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Colourless Tsukuru Tazaki and His Years of Pilgrimage
by Haruki Murakami
There are two types of Haruki Murakami novels. One is the surreal story in full magical-realist style, narrated by an alienated urban man. The other type is the story of an alienated urban man with some surreal descriptions or anecdotes thrown in. Colourless is of the latter type, but I wish it was the former.
Tsukuru Tazaki, an alienated urban man living in Tokyo, has been emotionally paralysed ever since his college friends abandoned him without explanation. Spurred by a new girlfriend to get to the bottom of what happened, he tracks down his old friends, seeking closure.
Murakami is an author unafraid of wandering, and this novel is no exception. It meanders pleasurably through a cycle of set-piece scenes so ubiquitous in his books that the internet has invented a game called ‘Murakami Bingo’. There are scenes of people cooking, of people listening to jazz and classical music, of the narrator getting up in the morning, shaving, and masturbating.
A Murakami novel without these kinds of scenes is unthinkable, and his repetitiveness isn’t necessarily a flaw. Reading these kind of scenes is enjoyable not because it is surprising, or dramatic, but because it is something familiar done well. Like Tsukuru says about cooking, there is a lot to be said for simple meals cooked “skilfully and intelligently”.
Murakami Bingo aside, though, there still needs to be elements that are unique to each novel.
His stories are ultimately about personal growth – but the process of growing can vary wildly. In Dance Dance Dance, a series of bizarre encounters with a Sheep Man, and a murder mystery, prompts the protagonist into agency. In the more realist Norwegian Wood, the protagonist grapples with his would-be girlfriend’s mental illness.
Colourless is like Norwegian Wood with a little less substance. It does not have the surreal plot devices, the fantastical structures and characters of some of his more ambitious novels, like his recent and sprawling 1Q84. Instead, it relies for its interest exclusively on its central mystery – the question of why his friends jilted him – and the expectation that Murakami fans are happy to play Bingo with scenes they have read, in one form or another, many times before.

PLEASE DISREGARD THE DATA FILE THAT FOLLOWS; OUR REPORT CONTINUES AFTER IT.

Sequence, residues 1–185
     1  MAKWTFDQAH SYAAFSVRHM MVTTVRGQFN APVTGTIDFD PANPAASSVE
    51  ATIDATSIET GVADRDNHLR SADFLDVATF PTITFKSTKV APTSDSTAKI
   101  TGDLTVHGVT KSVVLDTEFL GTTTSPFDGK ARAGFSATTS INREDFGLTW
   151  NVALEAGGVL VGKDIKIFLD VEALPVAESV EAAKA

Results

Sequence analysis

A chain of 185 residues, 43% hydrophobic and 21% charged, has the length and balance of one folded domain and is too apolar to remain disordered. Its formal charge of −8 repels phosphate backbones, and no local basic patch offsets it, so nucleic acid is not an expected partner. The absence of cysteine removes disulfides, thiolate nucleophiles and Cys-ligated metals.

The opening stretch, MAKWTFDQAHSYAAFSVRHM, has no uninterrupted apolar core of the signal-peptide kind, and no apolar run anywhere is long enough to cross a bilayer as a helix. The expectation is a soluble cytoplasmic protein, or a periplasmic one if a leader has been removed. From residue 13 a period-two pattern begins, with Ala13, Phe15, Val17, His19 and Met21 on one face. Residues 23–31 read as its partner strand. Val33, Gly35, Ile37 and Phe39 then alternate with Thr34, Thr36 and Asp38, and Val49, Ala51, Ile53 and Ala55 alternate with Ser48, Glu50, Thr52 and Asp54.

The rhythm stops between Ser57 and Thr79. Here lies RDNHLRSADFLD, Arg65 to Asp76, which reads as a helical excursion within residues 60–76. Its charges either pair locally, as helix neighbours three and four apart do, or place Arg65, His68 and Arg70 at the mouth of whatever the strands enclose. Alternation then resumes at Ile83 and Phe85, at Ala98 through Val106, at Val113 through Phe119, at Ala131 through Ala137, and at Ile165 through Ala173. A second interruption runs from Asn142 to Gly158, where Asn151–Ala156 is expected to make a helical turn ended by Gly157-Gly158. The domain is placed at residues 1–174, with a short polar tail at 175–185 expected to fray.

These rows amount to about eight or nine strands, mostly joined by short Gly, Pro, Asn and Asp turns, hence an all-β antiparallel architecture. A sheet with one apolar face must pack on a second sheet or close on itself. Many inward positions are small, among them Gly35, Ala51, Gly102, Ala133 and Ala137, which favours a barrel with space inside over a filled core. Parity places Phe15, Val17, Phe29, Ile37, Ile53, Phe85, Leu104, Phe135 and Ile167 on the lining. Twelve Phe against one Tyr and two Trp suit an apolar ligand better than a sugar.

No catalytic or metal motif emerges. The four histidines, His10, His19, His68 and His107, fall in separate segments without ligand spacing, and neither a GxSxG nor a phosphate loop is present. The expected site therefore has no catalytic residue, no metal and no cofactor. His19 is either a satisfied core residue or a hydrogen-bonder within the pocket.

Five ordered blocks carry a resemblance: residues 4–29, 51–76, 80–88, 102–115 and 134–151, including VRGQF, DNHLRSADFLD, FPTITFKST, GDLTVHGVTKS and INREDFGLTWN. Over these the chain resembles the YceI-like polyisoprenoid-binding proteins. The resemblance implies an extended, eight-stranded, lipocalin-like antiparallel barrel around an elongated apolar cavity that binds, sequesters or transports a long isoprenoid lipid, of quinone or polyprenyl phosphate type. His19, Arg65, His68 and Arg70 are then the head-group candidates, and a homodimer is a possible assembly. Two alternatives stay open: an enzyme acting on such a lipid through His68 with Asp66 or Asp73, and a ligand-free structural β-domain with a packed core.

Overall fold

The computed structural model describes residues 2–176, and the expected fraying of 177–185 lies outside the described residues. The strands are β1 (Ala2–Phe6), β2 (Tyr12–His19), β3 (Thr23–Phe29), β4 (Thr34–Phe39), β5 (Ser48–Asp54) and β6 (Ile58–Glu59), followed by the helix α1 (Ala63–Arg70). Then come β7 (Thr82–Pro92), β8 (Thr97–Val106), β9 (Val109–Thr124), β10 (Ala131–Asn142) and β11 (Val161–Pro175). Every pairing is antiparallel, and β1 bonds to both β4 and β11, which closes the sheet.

Neither of these is quite enough. Tsukuru Tazaki travels to see friend after friend, trying to get to the bottom of his rejection. But there is no tension in these scenes, and there is little feeling that they were strong friends at any point, except in Tsukuru’s repeated contention that they were an “orderly, harmonious community”.
This friendship, around which the whole novel revolves, is only reported. We are told that Tsukuru had an intimate group of friends, but we have so little exposure to that group dynamic that it’s hard to empathise with his omnipresent sense of loss.
Tsukuru’s journey also doesn’t seem sufficiently meaty to justify his personal growth. By the heavy-handed last chapter, Murakami can be seen nudging him towards an emotional denouement we’re not convinced Tsukuru would have reached on his own, especially given the violent revelations he has uncovered. His “pilgrimage” does not offer closure, but he acts as though it has.
My disappointment in the novel went deeper than this, though. While many disagree with me, I think Murakami’s strength is magical realism.
Many great writers spin gold from mundane materials, but Murakami is not one of them. His legacy will be his ability to bring the surreal to bear on the everyday, and to draw them into the most compelling kind of cooperation.
It is the few strange elements in the novel which stand out, the relationship with Haida finding a perfect balance between his two modes, and making me nostalgic for his other, superior novels.
Colourless is just okay: its unremarkable narrator and unremarkable plot adds up to an unremarkable novel, as well as the nagging sense that a secret ingredient has been left out.